Ofsted

‘Put the blinkers on and ignore Ofsted’ says government social mobility tsar

Katharine Birbalsingh says she doesn't see inspectorate as a 'force for good'

Katharine Birbalsingh says she doesn't see inspectorate as a 'force for good'

Katharine Birbalsingh

School leaders “must be brave enough” to “ignore Ofsted”, the government’s social mobility tsar has said.

Katharine Birbalsingh, the chair of the Social Mobility Commission and headteacher of Michaela Community School in north London, said she didn’t think the watchdog was a “force for good”, and said leaders needed to “do what is right for your children”.

Addressing the annual conference of the ASCL school leaders’ union, also challenged her reputation as the “strictest headteacher” in the country, claiming her school’s approach to behaviour was not so different from those of other schools.

Birbalsingh, whose own school is rated ‘outstanding’, has not shied away from criticising Ofsted in the past. Last year she tweeted: “Abolish Ofsted or at least move to pass/fail, only in-house inspections for schools with worrying data.”

In a speech that barely touched on the work of the Social Mobility Commission, Birbalsingh said it was “really hard as leaders to try and ignore Ofsted in particular, but we must do it”.

“We must be brave enough to do it. I don’t really know what Ofsted is demanding at the moment. Honestly I don’t.”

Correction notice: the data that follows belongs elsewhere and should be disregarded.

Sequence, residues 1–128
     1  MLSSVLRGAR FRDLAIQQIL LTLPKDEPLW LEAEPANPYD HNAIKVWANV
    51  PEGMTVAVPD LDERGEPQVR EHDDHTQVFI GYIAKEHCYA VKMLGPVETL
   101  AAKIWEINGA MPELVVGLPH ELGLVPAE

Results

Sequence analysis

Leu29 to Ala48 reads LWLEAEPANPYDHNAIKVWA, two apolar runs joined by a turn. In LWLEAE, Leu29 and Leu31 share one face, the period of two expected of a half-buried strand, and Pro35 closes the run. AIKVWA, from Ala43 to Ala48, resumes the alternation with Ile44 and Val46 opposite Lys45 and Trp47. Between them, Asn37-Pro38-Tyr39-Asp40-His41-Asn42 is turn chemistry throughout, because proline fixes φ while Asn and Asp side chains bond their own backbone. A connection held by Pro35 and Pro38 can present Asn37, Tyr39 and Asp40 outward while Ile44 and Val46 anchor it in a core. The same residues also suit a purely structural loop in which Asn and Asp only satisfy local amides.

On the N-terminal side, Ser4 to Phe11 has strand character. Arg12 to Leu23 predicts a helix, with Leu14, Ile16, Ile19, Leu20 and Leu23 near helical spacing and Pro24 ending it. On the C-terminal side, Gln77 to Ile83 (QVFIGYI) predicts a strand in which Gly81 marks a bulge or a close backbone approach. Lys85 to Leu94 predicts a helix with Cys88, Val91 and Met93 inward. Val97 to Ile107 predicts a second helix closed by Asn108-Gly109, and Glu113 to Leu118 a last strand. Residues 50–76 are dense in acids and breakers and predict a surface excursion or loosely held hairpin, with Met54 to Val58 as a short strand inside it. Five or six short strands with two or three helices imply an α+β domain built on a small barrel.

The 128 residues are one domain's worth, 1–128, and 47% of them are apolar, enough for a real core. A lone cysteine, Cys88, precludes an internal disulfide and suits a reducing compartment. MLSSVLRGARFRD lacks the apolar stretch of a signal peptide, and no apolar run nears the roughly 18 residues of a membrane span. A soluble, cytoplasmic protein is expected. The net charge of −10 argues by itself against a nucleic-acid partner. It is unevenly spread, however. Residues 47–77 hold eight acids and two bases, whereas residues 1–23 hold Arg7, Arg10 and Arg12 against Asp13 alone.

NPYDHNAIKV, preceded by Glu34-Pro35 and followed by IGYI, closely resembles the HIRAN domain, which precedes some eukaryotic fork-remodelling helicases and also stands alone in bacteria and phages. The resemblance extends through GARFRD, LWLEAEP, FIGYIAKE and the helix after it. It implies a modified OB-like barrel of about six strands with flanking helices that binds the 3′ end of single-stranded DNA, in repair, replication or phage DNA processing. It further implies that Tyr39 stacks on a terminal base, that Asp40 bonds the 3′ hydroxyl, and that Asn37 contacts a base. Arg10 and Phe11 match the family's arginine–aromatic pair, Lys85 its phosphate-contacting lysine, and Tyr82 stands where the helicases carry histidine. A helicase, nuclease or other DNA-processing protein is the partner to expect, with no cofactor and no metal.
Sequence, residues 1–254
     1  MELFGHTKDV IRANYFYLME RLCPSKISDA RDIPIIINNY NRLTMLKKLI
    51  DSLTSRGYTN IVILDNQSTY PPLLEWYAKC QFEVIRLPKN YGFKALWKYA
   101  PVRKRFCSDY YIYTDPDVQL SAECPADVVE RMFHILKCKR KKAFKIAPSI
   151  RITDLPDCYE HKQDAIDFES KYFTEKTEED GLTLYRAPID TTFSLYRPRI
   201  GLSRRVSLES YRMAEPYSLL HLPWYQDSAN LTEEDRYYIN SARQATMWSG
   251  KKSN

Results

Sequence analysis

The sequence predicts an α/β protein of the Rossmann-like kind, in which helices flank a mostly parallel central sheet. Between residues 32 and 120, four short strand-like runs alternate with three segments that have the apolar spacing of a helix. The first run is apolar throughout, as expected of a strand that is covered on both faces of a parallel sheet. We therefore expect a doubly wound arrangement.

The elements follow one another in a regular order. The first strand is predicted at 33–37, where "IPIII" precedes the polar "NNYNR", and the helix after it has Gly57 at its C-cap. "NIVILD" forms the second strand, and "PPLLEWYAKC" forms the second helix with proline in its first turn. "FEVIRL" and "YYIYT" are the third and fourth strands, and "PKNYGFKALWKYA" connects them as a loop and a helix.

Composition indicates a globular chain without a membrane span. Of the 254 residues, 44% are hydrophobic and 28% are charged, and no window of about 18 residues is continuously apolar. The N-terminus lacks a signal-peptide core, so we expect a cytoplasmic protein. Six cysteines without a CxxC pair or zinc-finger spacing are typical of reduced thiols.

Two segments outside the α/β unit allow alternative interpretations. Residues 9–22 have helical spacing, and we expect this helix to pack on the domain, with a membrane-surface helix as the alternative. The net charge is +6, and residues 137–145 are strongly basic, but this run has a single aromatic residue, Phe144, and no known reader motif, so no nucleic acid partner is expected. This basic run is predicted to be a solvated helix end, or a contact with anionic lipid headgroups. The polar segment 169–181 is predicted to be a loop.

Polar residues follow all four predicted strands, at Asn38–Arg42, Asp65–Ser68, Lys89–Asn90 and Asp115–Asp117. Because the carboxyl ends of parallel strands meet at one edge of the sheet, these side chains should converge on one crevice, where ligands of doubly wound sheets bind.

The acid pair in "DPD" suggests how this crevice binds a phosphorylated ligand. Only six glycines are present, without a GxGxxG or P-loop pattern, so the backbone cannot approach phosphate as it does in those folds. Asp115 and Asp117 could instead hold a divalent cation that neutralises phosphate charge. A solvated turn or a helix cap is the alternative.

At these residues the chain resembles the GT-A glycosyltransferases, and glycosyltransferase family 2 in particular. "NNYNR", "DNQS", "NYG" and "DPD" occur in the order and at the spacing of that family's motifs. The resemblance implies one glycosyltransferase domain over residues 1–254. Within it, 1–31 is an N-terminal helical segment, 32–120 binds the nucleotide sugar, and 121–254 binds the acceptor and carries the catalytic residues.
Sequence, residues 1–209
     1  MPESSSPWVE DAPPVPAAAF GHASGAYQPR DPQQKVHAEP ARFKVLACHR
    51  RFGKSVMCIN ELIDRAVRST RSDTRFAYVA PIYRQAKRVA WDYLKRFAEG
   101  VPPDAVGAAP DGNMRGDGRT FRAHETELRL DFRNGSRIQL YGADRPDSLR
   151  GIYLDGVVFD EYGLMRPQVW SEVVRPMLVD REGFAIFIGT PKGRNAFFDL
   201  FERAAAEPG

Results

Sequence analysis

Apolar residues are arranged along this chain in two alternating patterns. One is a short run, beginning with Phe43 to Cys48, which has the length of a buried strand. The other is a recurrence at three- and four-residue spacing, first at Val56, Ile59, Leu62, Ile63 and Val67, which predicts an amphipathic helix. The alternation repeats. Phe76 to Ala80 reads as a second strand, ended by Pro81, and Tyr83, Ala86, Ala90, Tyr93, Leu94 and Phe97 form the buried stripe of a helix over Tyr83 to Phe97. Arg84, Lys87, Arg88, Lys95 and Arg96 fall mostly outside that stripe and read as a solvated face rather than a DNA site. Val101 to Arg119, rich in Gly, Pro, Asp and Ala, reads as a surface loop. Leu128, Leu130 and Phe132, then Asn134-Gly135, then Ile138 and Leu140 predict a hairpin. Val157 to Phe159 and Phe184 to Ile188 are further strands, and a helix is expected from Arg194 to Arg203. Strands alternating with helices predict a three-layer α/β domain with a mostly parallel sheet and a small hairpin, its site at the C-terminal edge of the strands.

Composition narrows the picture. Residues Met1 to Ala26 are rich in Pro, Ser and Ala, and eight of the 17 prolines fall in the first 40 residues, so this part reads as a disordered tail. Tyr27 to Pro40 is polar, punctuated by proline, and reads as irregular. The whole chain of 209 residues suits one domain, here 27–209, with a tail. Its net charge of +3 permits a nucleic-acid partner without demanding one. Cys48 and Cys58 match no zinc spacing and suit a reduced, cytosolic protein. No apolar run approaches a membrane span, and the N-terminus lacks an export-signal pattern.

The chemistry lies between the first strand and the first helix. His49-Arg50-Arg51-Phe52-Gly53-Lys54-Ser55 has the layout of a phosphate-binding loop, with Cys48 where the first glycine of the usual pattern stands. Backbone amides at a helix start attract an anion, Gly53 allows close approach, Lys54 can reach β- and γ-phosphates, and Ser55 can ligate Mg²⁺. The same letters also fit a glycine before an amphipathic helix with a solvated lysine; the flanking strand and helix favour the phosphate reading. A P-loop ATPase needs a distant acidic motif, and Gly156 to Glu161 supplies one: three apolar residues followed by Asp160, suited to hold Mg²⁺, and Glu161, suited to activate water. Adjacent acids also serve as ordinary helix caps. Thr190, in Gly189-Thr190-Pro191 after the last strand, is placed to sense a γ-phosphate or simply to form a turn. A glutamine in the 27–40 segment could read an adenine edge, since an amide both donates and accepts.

Ofsted ‘not a force for good’

She had “great respect” for chief inspector Amanda Spielman, who has done a “good job in her position”. She said Ofsted was “probably the best it’s ever been, but I don’t think Ofsted is necessarily, as an idea, a force for good”.

“The reason I don’t think it’s a force for good is because too many of us, understandably as leaders, are constantly worried about what Ofsted is asking for.

“And you must try and just put the blinkers on and ignore it. And just do what is right for your children and do what is right for your school, and just push through with that.”

She said during inspections, leaders should show “evidence for what you’re doing and why, then you fight for that”.

“Because otherwise it’s not very inspirational to say to staff ‘we’re doing what we’re doing because we’re moving from good to outstanding’, or ‘we’re doing what we’re doing because this is what Ofsted wants’. You need to believe in what you’re doing.”

Birbalsingh called ‘strict’ because she’s ‘consistent’

Michaela’s use of silent corridors, no excuses behaviour policies and other approaches has led to Birbalsingh being dubbed the “strictest headteacher” in Britain.

But she told heads the “reason why they call me strict is that we’re consistent”.

“I’m not sure our behaviour policy differs much to other behaviour policies in other schools. It’s just that we follow through on all the bits and pieces.

“Whatever it is you’re asking the children to do, you need to make sure that everyone’s doing it, and that you’re not allowing some of them to get away with it, because otherwise that’s what’s unfair.”

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One comment

  1. Peter Endersby

    So she used this opportunity to bluster and boast about herself rather than outline what she plans to do to address social mobility . Its is clear now see why she was picked by this particular government. Her approach to Ofsted is not productive and offered no insight. Her North Korean style approach to behaviour management does nothing to prepare pupils for their next step in education or later life and will almost certainly be exclusionary for certain children. That Ofsted rewards such approaches like this seems to suggest she has more in common with them than she likes admit.